A philosophy is a statement of belief about something. Humans, their health, and the environment in which they live and function are phenomena of particular interest to nursing. Learning to reflect critically on one's practice requires considerable effort. It is also essential to being an excellent practitioner. Being able to think about and to explain your beliefs about the basic concepts of your practice provides the framework for your practice.

Do remember that what you write today is not written in stone. As you learn new information and expand your professional practice your thoughts and beliefs about these phenomena may very well change. View this assignment as an opportunity to articulate your thoughts about these four concepts.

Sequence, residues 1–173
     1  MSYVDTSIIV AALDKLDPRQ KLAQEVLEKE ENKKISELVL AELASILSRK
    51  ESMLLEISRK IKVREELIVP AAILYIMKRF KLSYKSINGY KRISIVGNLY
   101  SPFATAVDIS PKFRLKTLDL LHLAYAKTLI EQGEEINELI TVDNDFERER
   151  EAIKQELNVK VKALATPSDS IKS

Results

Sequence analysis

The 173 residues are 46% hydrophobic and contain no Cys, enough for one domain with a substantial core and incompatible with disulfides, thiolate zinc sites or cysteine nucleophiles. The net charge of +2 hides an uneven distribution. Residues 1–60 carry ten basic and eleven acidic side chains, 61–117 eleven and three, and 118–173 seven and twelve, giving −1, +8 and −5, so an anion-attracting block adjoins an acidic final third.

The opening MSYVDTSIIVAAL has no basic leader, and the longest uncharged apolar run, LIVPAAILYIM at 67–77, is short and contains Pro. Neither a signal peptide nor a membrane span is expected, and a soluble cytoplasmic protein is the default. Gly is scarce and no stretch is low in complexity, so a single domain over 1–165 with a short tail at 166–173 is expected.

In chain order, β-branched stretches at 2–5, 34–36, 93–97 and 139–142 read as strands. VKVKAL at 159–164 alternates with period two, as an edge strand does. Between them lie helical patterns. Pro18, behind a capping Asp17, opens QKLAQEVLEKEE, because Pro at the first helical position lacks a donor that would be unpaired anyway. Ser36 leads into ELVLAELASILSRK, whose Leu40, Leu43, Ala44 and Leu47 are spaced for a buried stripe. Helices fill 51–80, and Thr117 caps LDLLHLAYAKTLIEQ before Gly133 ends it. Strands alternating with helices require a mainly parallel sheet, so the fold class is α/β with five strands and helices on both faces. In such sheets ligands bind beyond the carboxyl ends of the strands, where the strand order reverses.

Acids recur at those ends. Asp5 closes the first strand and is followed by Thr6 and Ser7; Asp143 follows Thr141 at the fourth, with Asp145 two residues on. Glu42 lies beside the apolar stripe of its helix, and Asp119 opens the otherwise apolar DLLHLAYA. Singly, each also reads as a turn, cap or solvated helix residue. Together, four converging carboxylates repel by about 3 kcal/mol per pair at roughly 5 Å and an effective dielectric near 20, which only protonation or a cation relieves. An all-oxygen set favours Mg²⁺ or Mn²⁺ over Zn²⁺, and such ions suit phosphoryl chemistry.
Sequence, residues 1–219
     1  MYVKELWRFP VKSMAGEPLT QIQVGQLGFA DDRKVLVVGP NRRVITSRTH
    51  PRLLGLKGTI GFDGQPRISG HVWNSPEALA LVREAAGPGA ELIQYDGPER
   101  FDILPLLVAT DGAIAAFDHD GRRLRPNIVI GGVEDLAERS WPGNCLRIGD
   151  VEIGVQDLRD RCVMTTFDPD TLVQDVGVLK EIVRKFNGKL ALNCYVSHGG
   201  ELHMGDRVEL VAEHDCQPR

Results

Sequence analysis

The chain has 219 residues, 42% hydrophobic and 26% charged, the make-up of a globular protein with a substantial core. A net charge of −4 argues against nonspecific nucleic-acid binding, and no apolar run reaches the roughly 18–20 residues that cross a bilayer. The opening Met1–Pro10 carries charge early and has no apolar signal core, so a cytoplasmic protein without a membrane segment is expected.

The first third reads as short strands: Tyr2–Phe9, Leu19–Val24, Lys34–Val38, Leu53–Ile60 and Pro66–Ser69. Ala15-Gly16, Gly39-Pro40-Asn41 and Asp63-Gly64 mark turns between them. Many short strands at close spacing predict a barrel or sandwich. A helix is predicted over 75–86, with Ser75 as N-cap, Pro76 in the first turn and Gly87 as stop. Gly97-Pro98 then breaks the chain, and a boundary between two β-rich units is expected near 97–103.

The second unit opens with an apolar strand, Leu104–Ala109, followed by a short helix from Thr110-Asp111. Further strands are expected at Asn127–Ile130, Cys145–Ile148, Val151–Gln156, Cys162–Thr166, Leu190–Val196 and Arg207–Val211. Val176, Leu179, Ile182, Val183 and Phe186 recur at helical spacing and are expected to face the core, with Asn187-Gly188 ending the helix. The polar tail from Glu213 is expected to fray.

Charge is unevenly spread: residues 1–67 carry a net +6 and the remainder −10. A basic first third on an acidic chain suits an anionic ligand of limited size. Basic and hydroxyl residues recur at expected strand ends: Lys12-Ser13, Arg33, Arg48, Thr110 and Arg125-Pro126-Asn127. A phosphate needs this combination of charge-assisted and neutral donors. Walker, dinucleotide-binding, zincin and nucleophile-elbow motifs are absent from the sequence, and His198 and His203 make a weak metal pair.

My Belief is Good pain control and community health services help rebuild a person after surgery...

You need to include the following items:
1. An introduction to the paper that includes a brief overview of the paradigm.

2. A statement and explanation of your beliefs in relation to each of the four concepts included in the paradigm of nursing (humans, health, nursing, environment). While there is no minimum requirement for the length of each `statement and explanation,` many fall into the range of three (3) to five (5) paragraphs for each component of the paradigm.

Some questions you may want to ask and answer for yourself are: What is the essence of human? What is health? Illness? Wellness? How are they related? What is the reason for nursing's existence? How do I facilitate a client's movement toward health? These are just suggestions. You are NOT required to respond to the questions listed in this paragraph.